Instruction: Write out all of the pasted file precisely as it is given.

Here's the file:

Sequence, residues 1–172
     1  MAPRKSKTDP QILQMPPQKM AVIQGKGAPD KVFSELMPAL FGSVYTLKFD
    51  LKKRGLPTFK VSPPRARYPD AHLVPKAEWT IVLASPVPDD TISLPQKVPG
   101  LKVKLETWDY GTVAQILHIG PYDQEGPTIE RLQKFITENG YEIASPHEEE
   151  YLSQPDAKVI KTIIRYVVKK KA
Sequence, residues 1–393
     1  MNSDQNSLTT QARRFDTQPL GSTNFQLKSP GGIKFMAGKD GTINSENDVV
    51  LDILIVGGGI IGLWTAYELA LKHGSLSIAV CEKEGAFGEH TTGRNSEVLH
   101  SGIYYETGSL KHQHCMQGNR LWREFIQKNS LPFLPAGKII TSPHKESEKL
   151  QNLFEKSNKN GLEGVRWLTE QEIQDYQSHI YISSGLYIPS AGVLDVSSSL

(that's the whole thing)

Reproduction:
Sequence, residues 1–172
     1  MAPRKSKTDP QILQMPPQKM AVIQGKGAPD KVFSELMPAL FGSVYTLKFD
    51  LKKRGLPTFK VSPPRARYPD AHLVPKAEWT IVLASPVPDD TISLPQKVPG
   101  LKVKLETWDY GTVAQILHIG PYDQEGPTIE RLQKFITENG YEIASPHEEE
   151  YLSQPDAKVI KTIIRYVVKK KA
Sequence, residues 1–393
     1  MNSDQNSLTT QARRFDTQPL GSTNFQLKSP GGIKFMAGKD GTINSENDVV
    51  LDILIVGGGI IGLWTAYELA LKHGSLSIAV CEKEGAFGEH TTGRNSEVLH
   101  SGIYYETGSL KHQHCMQGNR LWREFIQKNS LPFLPAGKII TSPHKESEKL
   151  QNLFEKSNKN GLEGVRWLTE QEIQDYQSHI YISSGLYIPS AGVLDVSSSL